The first known use of the term "Labradoodle" was by Sir Donald Campbell to describe his Labrador/Poodle cross dog in his 1955 book, "Into the Water Barrier". However, the Labradoodle became better known in 1988, when Australian breeder Wally Conron crossed the Labrador Retriever and Standard Poodle at Guide Dogs Victoria.
Conron's aim was to combine the low-shedding coat of the Poodle with the gentleness and trainability of the Labrador, and to provide a guide dog suitable for people with allergies to fur and dander. He'd received a request from a vision impaired woman in Hawaii for a guide dogthat did not aggravate her husband's allergy to dog hair. Originally he planned to train a Standard Poodle, but the thirty-three poodles he tried, over three years, all failed at guide dog training. He then crossed a Standard Poodle to his best Labrador bitch. When the pups were five months old, they sent hair and saliva samples to the couple; all three puppies in the first litter, and three out of ten puppies in a following litter did not cause any allergic reaction in the woman's husband. One puppy, Sultan, was successfully trained by Guide Dogs Victoria, and became the first Labradoodle Guide dog.
Although Guide Dogs Victoria no longer breed Labradoodles, they are bred by other guide and assistance dog organizations in Australia and other places. The Association for the Blind of Western Australia have introduced Labradoodles into their training program, and their first, Jonnie, graduated in November 2010. Labradoodles are now widely used around the world as guide, assistance, and therapy dogs as well as being popular family dogs. Despite this, Wally Conron has stated that he regrets creating the Labradoodle, due to how popular it has become with backyard breeders who do not look into the parent's backgrounds, or test for genetic diseases, yet charge as much, if not more than, what purebred dogs tend to go for. 
Because the Labradoodle is a hybrid and not a breed yet, puppies do not have consistently predictable characteristics. While many Labradoodles display desired traits, their appearance and behavioral characteristics remain, to some extent, unpredictable. As such, Labradoodles' hair can be anywhere from wiry to soft, and may be straight, wavy, or curly. Many Labradoodles do shed, although the coat usually sheds less and has less dog odor than that of a Labrador Retriever.
Like most Labrador Retrievers and Poodles, Labradoodles are generally friendly, energetic and good with families and children (although as with any dog the temperament may vary between individuals). Labradoodles often display an affinity for water and strong swimming ability from their parent breeds.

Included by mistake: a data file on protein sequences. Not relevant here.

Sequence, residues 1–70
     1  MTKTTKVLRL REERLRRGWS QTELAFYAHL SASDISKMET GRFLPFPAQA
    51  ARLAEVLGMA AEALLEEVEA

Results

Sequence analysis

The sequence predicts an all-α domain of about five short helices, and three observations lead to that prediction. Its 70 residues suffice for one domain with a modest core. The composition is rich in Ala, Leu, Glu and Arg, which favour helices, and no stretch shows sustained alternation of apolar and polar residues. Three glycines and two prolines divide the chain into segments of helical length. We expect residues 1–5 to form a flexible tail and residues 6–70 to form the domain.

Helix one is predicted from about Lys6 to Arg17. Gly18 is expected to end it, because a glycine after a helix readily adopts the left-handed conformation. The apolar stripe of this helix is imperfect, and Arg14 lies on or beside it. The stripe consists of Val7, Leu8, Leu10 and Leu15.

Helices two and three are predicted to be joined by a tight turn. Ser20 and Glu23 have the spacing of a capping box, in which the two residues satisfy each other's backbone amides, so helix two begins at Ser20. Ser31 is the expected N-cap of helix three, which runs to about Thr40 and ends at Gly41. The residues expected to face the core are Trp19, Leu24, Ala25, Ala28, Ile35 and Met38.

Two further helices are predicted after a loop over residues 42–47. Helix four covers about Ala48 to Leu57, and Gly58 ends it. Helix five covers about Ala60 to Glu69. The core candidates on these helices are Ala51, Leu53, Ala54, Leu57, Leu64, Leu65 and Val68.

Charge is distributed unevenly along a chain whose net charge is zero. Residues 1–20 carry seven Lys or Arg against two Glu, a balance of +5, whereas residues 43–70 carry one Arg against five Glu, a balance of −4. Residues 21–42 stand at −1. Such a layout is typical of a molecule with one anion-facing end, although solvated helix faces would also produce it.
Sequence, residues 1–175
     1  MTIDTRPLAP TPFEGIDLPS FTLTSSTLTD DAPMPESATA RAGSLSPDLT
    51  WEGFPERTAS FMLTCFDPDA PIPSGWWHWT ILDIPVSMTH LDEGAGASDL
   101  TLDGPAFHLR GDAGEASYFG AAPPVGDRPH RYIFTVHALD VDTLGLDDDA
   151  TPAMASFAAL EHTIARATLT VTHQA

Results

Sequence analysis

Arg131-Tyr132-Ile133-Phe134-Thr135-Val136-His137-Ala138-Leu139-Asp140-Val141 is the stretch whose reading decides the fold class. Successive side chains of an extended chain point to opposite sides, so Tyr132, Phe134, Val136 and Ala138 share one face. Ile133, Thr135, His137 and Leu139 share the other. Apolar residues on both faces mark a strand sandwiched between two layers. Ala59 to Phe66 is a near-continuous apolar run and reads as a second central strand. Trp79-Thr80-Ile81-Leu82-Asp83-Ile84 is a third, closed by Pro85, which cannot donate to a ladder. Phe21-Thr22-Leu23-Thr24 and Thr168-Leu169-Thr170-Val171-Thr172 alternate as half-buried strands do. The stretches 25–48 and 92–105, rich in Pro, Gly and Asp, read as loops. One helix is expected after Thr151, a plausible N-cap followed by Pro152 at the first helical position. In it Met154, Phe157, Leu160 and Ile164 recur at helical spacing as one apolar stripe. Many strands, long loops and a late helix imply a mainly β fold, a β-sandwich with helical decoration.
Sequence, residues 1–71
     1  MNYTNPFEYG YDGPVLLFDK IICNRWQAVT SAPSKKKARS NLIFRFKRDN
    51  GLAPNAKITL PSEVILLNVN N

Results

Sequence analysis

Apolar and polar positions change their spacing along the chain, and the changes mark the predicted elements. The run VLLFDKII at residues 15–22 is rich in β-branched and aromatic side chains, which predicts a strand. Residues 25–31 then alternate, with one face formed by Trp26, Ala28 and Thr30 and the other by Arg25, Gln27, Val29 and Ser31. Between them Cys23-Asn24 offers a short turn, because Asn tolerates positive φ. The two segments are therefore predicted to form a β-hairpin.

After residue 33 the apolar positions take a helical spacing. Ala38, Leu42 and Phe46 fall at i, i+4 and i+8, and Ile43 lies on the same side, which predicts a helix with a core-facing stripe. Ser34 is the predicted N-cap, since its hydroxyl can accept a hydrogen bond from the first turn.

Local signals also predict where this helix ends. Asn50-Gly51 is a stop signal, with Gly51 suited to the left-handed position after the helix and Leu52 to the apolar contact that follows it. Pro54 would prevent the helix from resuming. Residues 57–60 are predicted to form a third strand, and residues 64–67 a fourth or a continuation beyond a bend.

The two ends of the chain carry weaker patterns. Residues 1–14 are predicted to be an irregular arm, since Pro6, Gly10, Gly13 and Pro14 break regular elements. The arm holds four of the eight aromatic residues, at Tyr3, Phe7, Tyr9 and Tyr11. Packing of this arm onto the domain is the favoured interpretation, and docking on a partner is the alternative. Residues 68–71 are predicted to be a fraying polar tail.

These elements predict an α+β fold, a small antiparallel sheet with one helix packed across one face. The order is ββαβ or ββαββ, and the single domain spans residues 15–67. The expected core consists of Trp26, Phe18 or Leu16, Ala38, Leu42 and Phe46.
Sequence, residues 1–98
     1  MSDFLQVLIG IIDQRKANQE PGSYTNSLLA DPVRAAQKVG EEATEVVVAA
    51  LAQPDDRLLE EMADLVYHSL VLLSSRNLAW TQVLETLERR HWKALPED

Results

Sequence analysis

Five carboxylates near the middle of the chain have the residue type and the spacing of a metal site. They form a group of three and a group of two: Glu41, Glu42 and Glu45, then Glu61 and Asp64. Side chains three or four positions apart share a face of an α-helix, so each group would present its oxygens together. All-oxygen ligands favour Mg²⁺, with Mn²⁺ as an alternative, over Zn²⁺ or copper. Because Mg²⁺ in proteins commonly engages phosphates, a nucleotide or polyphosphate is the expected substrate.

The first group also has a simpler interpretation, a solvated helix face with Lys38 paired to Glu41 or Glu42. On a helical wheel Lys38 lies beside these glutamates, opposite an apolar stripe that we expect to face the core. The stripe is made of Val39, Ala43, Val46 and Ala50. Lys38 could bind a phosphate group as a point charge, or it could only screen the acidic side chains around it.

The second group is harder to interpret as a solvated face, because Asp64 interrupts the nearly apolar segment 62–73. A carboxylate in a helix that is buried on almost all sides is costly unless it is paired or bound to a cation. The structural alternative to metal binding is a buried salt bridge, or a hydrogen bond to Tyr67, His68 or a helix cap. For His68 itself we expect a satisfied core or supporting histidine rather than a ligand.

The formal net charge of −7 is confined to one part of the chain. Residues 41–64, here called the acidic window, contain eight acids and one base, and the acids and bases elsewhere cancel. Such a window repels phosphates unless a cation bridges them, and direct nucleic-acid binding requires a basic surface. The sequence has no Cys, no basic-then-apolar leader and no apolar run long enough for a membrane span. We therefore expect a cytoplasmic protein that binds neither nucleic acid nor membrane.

Like their parent breeds, both of which are amongst the world's most intelligent dog breeds, Labradoodles are very intelligent and quite trainable, often seeking commands and finding pleasure in learning.
There is no consensus as to whether breeders should aim to have Labradoodles recognized as a breed. Some breeders prefer to restrict breeding to early generation dogs (i.e. bred from a Poodle and Labrador rather than from two Labradoodles) to maximize genetic diversity, to avoid the inherited health problems that have plagued some dog breeds.
Others are breeding Labradoodle to Labradoodle over successive generations, and trying to establish a new dog breed. These dogs are usually referred to as Multigenerational (Multigen) or Australian Labradoodles.  Australian Labradoodles also differ from early generation and Multigenerational Labradoodles in that they may also have other breeds in their ancestry. English and American Cocker Spaniel/Poodle crosses (i.e. Cockapoos), Two Irish Water Spaniels andSoft-Coated Wheaten Terriers were used in some Australian Labradoodle lines. The Curly Coated Retriever were used too, but these lines did not work out and these breeds were no longer used.
Labradoodle coats are divided into three categories: wool (with tight curls, and similar in appearance to that of a Poodle, but with a softer texture); fleece (soft and free-flowing, with a kinked or wavy appearance); or hair (which can be curly, straight or wavy, but is more similar in texture to a Labrador's coat).Labradoodles coat colors include chocolate, cafe, parchment, cream, gold, apricot, red, black, silver, chalk, parti colours, (i.e. generally, any color a Poodle can have). They can be different sizes, depending on the size of poodle used (i.e. toy, miniature or standard).
Labradoodles can suffer from problems common to their parent breeds. Poodles and Labrador Retrievers can suffer from hip dysplasia, and should have specialist radiography to check for this problem before breeding. The parent breeds can also suffer from a number of eye disorders, and an examination by a qualified veterinary eye specialist should be performed.
Australian Labradoodles have been known to suffer from progressive retinal atrophy (PRA), an inherited disease causing blindness, which occurs in both Miniature Poodles and Cocker Spaniels. It is recommended that Australian Labradoodles be DNA tested for PRA before being bred.
A significant number of Mutigenerational and Australian Labradoodles have also been found to suffer fromAddison's disease. The Australian Labradoodle Association of America is currently conducting a study to try to determine how widespread the problem has become.
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